It wasn’t exactly shocking to see a cyclist break away on the penultimate section of cobbles in the 112th running of the Paris-Roubaix one-day classic on Sunday. What was interesting was that it wasn’t defending champion Fabian Cancellara, the former world time-trial champion famous for using his skills to solo to victories in the biggest monument classics, but one of Patrick Lefevere’s riders at Omega Pharma-Quick Step.
And given Lefevere’s track record in these races, it wasn’t shocking to see an Omega Pharma-Quick Step rider hoisting the cobblestone trophy awarded to the winner of Paris-Roubaix. It marked the 12th time since 1995 that a rider managed by Lefevere had emerged victorious after the 259-kilometer run from Compiegne. What was interesting, though, was that it was not four-time champion Tom Boonen doing the hoisting but one of his lieutenants on the squad.
On a day when Cancellara and Boonen were striving to make history, it was neither the Swiss nor Belgian champions but Dutch domestique Niki Terpstra who came up biggest on one of the hardest courses in professional racing. Once the final selection of riders had consolidated at the front of the peloton, it looked for much of the time as though Paris-Roubaix might see a rare bunch sprint for the title in the Roubaix velodrome. Instead, breaking away into a headwind seven kilometers from the finishing line in Roubaix velodrome, Terpstra opened a gap on the elite group at the head of the race and held off the advances of the favorites to solo to victory by 19 seconds.
The remaining contenders in the lead group were forced to contest the finishing sprint not for victory but for the consolation of second place. Terpstra had broken away from a group that contained not just Boonen and Cancellara but also 2012 Tour de France champion Bradley Wiggins, former Tour of Flanders and Paris-Roubaix podium finisher Sep Vanmarcke, two-time defending Tour de France green jersey winner Peter Sagan, and a handful of other strong challengers.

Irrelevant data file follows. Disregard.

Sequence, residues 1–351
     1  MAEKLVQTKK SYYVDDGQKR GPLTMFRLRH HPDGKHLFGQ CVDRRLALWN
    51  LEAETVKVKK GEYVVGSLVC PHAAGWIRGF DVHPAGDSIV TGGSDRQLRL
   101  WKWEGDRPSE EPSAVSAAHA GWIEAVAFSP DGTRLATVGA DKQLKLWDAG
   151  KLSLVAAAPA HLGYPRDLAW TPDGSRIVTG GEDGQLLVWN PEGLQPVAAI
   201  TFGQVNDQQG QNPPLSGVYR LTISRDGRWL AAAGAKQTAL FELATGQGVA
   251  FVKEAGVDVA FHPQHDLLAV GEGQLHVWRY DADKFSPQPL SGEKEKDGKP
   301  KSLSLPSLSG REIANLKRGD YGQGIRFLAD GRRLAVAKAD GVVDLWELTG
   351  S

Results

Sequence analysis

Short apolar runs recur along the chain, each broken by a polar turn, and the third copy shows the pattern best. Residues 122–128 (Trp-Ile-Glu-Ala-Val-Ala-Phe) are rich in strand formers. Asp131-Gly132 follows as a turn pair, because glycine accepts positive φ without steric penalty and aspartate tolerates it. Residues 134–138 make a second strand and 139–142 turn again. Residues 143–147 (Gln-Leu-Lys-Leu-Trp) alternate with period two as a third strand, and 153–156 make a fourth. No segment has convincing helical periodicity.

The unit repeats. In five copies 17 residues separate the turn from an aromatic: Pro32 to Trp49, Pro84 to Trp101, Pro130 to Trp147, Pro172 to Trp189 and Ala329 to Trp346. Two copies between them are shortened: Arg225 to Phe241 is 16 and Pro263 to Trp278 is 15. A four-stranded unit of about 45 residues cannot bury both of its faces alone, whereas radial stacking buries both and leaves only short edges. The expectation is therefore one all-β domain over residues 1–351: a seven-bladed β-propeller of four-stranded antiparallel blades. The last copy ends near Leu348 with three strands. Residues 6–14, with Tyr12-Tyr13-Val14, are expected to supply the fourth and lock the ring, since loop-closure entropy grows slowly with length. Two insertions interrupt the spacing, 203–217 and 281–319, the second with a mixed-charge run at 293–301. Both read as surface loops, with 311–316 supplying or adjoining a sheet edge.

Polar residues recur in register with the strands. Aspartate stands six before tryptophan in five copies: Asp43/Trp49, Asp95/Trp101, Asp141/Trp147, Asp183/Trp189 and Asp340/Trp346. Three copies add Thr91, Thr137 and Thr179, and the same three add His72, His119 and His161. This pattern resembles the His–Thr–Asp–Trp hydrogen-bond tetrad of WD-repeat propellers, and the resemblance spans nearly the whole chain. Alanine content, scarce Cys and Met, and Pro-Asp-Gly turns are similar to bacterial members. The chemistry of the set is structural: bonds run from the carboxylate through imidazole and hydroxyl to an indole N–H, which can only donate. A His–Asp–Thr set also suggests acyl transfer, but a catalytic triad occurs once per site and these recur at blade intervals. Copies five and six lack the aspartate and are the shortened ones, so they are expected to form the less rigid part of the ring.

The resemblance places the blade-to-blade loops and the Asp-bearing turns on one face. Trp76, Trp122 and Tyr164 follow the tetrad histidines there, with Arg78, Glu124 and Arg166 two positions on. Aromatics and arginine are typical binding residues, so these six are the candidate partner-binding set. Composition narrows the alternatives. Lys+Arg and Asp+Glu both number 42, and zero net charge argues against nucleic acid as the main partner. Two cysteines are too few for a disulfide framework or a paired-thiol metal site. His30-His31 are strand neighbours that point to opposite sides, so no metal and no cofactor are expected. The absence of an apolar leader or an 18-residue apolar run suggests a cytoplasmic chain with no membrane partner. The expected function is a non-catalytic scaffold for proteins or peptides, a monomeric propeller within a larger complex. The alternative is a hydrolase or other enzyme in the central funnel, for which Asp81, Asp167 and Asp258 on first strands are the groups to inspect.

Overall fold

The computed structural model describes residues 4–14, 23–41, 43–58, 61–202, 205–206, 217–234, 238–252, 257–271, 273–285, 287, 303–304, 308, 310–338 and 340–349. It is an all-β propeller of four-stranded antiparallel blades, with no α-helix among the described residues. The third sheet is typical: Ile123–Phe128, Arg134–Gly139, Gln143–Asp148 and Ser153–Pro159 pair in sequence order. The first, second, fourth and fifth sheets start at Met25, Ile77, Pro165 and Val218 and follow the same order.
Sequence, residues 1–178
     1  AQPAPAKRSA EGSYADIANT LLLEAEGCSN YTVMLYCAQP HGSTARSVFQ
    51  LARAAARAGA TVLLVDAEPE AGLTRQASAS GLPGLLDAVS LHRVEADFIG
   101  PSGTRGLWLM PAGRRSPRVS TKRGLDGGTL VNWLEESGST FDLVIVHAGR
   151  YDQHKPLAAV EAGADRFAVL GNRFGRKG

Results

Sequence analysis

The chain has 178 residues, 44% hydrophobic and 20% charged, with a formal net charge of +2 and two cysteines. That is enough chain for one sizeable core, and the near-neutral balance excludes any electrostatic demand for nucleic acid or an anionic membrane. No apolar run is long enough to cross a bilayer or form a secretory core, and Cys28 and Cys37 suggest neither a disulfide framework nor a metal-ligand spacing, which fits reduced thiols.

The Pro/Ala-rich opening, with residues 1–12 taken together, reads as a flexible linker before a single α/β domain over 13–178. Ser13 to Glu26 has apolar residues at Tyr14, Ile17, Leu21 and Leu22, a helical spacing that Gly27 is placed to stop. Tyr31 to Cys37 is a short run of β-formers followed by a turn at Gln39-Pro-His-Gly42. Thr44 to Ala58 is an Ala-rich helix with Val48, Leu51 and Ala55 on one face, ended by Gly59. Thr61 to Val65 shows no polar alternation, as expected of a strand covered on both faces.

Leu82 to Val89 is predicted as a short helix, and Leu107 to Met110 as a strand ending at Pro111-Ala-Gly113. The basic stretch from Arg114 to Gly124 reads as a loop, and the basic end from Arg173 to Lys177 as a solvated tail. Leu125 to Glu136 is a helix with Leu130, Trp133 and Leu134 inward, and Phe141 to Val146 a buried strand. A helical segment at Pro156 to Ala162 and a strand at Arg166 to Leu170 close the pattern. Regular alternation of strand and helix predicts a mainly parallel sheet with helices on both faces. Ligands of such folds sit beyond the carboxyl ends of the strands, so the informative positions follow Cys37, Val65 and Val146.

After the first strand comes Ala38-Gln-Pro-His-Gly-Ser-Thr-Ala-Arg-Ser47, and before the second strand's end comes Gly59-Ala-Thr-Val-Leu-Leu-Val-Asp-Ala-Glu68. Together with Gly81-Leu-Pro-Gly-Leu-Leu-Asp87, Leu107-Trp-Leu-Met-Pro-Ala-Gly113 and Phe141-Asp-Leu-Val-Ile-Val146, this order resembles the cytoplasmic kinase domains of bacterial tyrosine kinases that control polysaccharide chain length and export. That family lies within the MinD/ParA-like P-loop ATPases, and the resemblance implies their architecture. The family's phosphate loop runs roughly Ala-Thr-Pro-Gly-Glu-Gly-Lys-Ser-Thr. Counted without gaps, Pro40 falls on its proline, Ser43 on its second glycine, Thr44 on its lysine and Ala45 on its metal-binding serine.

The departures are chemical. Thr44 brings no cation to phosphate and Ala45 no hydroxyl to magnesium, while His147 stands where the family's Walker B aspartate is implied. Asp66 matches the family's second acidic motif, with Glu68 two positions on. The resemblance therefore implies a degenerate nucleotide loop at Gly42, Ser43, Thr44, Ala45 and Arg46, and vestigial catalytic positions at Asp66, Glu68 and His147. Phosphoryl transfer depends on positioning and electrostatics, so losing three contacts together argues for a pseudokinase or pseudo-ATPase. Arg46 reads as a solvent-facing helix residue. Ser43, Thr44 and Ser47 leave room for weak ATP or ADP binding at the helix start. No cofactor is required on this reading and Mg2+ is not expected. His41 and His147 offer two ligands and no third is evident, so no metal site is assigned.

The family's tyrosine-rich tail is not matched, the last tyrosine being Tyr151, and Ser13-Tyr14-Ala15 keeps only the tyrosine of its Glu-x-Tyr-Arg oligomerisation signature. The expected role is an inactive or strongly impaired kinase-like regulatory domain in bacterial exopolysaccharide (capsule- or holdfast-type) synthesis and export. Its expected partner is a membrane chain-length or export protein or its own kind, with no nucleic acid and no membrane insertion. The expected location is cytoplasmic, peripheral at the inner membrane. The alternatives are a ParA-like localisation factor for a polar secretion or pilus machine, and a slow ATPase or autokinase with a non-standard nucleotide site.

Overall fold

Boonen, the victory already conceded to his teammate, sat back and coasted across the line in 10th place. Ahead of him, Cancellara made a concerted effort to finish on the podium despite losing out on the chance to become the first cyclist in history to repeat the Flanders/Roubaix double two years in a row. He would eventually have to settle for third, as Gent-Wevengem champion John Degenkolb pipped the Swiss star at the line to take runner-up honors.
By that point the Dutch fans in the Roubaix velodrome had already started going nuts, as Terpstra’s victory marked the first time a rider from the Netherlands had won the venerable race since another Lefevere rider, Servais Knaven, took the title in 2001 as a member of Domo-Farm Frites. As a result, Terpstra became just the sixth Dutchman to win Paris-Roubaix in the race’s long history.
“It’s been a while for the Dutch people,” said Terpstra after the victory. “Servais was a teammate of mine on Milram. I learnt a lot from here when we rode Paris-Roubaix together five years ago. I’m happy to close this gap of Dutch wins, it’s (been) too long. Since I was a little child and I started cycling, Paris-Roubaix was the most special race for me. Now I’ve won it, it’s a dream come true.”
The circumstances might have been somewhat surprising, mainly since everyone had their eyes firmly glued to the duel between Tornado Tom and the Swiss Spartacus, but Terpstra was in many ways due for a breakthrough result. He has come on strong in recent years, finishing fifth in Roubaix two years ago and reaching the podium last April when he placed third behind Cancellara and Vanmarcke. The first monument classic of his career comes on the heels of an overall title at February’s Tour of Qatar and a win in the one-day Dwars door Vlaanderen in March. Already enjoying the most successful spring of his journeyman career, Terpstra inscribed his name among cycling’s legends with the solo victory.
It may not have been Boonen, but in the end the Omega Pharma-Quick Step team played its cards right and continued the run of Roubaix dominance orchestrated over the last two decades by Lefevere. “To take the win in the biggest classic of all is a dream come true,” Terpstra continued in the post-race press conference. “It’s a race that suits me well. My shape this year was really good, so I was motivated for a good result. The team was good in the end.”
TOP FIVE FINISHERS
- Niki Terpstra (NED/Omega Pharma-Quick Step) — 6:09:01
- John Degenkolb (GER/Giant-Shimano) — +0:20
- Fabian Cancellara (SUI/Trek Factory Riding) — +0:20
- Sep Vanmarcke (BEL/Belkin Pro Racing) — +0:20
- Zdenek Stybar (CZE/Omega Pharma-Quick Step) — +0:20